December tax collections in Kansas show growth

Total tax collections for December in Kansas were $890.3 million, a 7.8 percent increase over the monthly estimate, according to Gov. Laura Kelly.

It is also a 15.6 percent, or $120 million, growth over December 2020.

“Over the past three years my administration has taken steps to restore the Kansas economy, and that fiscal responsibility has paved the way to provide direct tax relief to Kansas taxpayers,” Gov. Kelly said. “That relief will come specifically through proposals like axing the food tax and offering a one-time $250 tax rebate for Kansas families.”

Individual income tax collections were $355.2 million. That is $35.2 million more than the estimate and $48.5 million, or 15.8%, more than the previous December.

Corporate income tax collections were $132.0 million, which is $22.0 million more than the estimate. That is 33.1%, or $32.8 million, more than the same month of the previous year.

Retail sales tax collections were $224.3 million for December. That is $4.3 million, or 2.0%, more than the estimate and 11.1%, or $22.4 million, more than December 2020.

Compensating use tax collections were $69.2 million. That is $2.2 million, or 3.3%, more than the estimate. Those collections are also $17.0 million, or 32.7%, more than the previous December.

According to figures from the Kansas Department of Revenue, retail sales tax revenue distributions in Wyandotte County for December 2021 were $2.77 million, a 21.9 percent increase from December 2020’s figure of $2.27 million.

For the calendar year 2021, retail sales tax revenue distributions increased 15 percent in Wyandotte County, from $25.59 million in 2020 to $29.42 million in 2021, according to KDOR figures.

Sales tax revenue distributions for Kansas City, Kansas, were $4.2 million for December 2021 as compared to $3.38 million in December 2020, according to KDOR figures, a 26.3 percent increase. For the calendar year of 2021, sales tax revenue distributions in Kansas City, Kansas, were $42.1 million, an increase of 11.8 percent over $37.6 million in 2020.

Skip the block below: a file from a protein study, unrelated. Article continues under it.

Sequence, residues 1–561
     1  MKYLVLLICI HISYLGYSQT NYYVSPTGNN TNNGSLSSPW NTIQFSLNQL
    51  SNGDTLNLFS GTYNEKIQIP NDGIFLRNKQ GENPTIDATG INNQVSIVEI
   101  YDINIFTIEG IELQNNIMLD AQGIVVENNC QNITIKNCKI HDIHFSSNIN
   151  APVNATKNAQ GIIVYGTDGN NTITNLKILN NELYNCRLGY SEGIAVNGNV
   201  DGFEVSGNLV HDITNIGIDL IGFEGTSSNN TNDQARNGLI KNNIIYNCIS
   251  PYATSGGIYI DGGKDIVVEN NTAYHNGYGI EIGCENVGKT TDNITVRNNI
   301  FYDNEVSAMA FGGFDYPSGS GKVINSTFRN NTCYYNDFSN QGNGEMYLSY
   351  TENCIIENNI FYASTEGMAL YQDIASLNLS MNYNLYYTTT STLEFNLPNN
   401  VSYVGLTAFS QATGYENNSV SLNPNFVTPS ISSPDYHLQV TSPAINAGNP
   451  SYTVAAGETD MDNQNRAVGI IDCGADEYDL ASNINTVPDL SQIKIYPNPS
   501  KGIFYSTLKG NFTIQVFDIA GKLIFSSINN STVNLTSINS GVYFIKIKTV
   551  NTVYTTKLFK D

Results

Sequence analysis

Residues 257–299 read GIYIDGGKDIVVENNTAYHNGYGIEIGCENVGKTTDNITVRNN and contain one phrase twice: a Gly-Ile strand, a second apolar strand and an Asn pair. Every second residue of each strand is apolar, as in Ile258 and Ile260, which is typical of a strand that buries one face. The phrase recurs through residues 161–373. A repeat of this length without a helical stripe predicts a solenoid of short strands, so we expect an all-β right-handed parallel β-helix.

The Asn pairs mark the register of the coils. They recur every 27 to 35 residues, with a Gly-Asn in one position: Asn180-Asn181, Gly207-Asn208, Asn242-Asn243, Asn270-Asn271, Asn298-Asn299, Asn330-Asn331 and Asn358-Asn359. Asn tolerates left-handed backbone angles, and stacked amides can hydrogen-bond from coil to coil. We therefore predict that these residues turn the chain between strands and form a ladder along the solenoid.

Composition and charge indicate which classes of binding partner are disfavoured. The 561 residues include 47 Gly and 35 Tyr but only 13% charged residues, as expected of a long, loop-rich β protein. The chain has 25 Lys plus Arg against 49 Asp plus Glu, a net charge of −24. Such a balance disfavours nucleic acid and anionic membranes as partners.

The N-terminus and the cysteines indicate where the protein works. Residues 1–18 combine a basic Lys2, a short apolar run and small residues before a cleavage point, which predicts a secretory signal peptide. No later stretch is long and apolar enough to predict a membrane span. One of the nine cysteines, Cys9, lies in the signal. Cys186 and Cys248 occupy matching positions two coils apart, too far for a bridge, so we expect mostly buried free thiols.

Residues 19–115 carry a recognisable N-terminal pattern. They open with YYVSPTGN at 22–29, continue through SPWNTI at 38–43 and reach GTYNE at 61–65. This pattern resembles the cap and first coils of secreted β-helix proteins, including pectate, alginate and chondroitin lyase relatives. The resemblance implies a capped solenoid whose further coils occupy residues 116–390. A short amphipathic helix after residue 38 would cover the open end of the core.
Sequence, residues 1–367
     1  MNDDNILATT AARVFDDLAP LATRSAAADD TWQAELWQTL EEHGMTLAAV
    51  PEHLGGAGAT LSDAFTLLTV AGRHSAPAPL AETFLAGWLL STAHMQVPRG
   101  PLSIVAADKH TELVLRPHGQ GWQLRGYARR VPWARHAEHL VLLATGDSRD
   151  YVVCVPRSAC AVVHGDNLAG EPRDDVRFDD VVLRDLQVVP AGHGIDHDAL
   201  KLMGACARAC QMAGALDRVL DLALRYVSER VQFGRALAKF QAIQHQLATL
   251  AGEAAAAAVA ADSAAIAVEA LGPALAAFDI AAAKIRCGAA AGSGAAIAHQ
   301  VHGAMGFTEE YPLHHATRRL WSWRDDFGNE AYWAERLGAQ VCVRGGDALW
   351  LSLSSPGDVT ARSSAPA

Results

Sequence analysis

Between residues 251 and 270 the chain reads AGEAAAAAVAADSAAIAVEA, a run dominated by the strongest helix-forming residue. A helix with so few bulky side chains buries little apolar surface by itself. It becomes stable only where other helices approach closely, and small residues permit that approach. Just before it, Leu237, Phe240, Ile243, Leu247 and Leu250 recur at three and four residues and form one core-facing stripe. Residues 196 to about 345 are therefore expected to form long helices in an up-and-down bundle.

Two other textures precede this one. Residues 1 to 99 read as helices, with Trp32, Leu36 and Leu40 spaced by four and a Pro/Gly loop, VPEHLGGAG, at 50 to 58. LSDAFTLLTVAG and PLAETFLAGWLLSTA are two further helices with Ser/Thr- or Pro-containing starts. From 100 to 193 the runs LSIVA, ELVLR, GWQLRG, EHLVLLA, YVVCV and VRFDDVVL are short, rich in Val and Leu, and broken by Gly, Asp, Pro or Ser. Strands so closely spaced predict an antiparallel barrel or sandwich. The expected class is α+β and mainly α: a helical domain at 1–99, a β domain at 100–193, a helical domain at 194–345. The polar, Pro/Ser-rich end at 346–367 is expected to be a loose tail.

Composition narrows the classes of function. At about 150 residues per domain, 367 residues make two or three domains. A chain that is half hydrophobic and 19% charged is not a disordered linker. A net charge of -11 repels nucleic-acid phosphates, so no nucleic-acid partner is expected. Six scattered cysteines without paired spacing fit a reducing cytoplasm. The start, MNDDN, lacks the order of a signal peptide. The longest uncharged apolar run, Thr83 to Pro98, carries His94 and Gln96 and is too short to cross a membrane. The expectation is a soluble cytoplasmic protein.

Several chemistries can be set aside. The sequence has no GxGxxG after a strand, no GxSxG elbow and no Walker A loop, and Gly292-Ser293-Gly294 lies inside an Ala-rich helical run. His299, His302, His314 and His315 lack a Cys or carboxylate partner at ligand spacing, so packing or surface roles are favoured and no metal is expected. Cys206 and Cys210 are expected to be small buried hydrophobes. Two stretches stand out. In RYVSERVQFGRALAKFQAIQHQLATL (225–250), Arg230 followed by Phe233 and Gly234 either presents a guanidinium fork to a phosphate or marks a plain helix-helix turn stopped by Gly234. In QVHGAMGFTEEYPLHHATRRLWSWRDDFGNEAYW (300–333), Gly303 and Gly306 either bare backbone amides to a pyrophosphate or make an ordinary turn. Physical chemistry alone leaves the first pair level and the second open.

Statewide tax collection figures are at https://governor.kansas.gov/wp-content/uploads/2022/01/06_December_Revenue_FY2022_01-03-2022_Final.pdf.

Congresswoman favors ‘common sense’ approach to legislation

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Opinion column

by Murrel Bland

U.S. Rep. Sharice Davids, D-3rd Dist., said she is part of a group of “common sense” Democrats in Congress who carefully spend taxpayers’ dollars. This was a comment she made at a luncheon meeting of the Congressional Forum Friday, Dec. 17, at Children’s Mercy Park.

Good roads and bridges are important to business and industry, Rep. Davids said. In a prepared news release, Rep. Davids said, “The Kansas Third is home to vital trucking and logistics and we are growing fast…” Good roads are important getting goods to market, she said.

Rep. Davids was the only member of the Kansas Congressional delegation to vote for the infrastructure bill. Rep. Davids is the only Democrat member of the delegation. The infrastructure bill will fund improvements to the I-435 and State Avenue intersection. The state of Kansas will receive more than $500 million in federal funds for road and bridge repair.

The Unified Government hopes to receive federal aid to fund its storm water program. Storm water is a particularly acute problem in the eastern areas of Wyandotte County.

Rep. Davids spoke in favor of President Joe Biden’s Build Back Better bill, which passed the U.S. House, but is stalled in the U.S. Senate. Rep. Davids said the child care provision of the bill would help lessen the shortage of workers.

Recently elected Mayor Tyrone Garner introduced his chief-of-staff. She is Dr. Mildred Edwards, a business consultant who received her doctorate in community psychology from Wichita State University. She is an adjunct faculty member at the Public Management Center of the University of Kansas.

The Congressional Forum is part of the Kansas City, Kansas, Area Chamber of Commerce. The next meeting of the forum will be at 11:30 a.m. Friday, Jan. 21, at Children’s Mercy Park.

Murrel Bland is the former editor of The Wyandotte West and The Piper Press. He is executive director of Business West.